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5 mistaken marine identities you might find along South Australia’s beaches

Before enjoying your next beach walk, smarten up your seaside knowledge with these five commonly mistaken finds.

There are lots of interesting creatures and plants that wash ashore on South Australia’s beaches. But some are regularly misidentified – with the misinformation often flowing down from generation to generation.

So here are the facts – to set the record straight – about the five commonly mistaken finds along SA’s coastline.

1. Jelly sack

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Jelly sack (image courtesy of Port Phillip Baykeeper)

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A moon snail (image courtesy of S.Reynolds)

Jelly sacks are not jellyfish. Instead they are an egg mass laid by moon snails. The eggs are encased in the clear, moon-shaped, jelly-like substance. So when you are squishing them between your toes remember you are actually squishing tiny moon snails. 

2. Sponge

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This little guy is often mistaken for a plant, but is actually an animal.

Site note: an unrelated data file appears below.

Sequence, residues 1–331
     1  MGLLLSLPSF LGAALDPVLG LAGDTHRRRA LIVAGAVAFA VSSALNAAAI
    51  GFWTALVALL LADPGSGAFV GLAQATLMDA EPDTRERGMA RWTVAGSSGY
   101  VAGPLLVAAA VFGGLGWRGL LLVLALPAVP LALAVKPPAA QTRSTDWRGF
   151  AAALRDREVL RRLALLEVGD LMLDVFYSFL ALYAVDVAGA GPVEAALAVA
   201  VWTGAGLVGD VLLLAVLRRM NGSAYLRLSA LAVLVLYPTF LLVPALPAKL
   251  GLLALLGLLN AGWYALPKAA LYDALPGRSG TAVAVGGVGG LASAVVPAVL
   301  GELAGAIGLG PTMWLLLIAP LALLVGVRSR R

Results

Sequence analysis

Sponges are simple animals.

They have a skeleton made up of a fibrous material called Spongin. Sponges pump water through pores to extract food and expel waste water through larger holes called Oscules.

Sponges can be washed ashore shaped like wine glasses, fingers, balls or flat spiky mats.

3. Seagrass wrack

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Seagrass wrack regularly washes along our shores. It is often mistaken for algae which is known as seaweed, but is actually a plant with roots and leaves.

Read up on seagrass wrack versus seaweed.

4. Sea tulip

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Sea tulip

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Sea tulip underwater (image courtesy of S.Reynolds)

Another specimen that washes up along our beaches and is mistaken for seaweed is the sea tulip. Sea tulips are actually from the animal kingdom. They are filter feeders, meaning they pump water in and out of their siphons (tube-like structures) and extract the plankton.

5. Velella/By-the-wind sailor

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Velellas are often mistaken for the venomous stinger jellyfish known as the bluebottle. Luckily bluebottles are not generally found in SA. Although they’re not venomous, it’s best not to touch them.

Each velella has a disc-like float with a transparent sail which the animal uses to drift around the ocean surface. Sometimes you will find large numbers of them washed ashore.

Top tip: Remember to leave plants and animals where you find them. In many areas such as rocky coastlines and marine park sanctuary zones, it is illegal to take specimens.

Check out the Beach Explorer’s Guide to Plants and Animals in South Australia to learn more about the things you can find along our beaches. 

This story was originally posted in May 2017.

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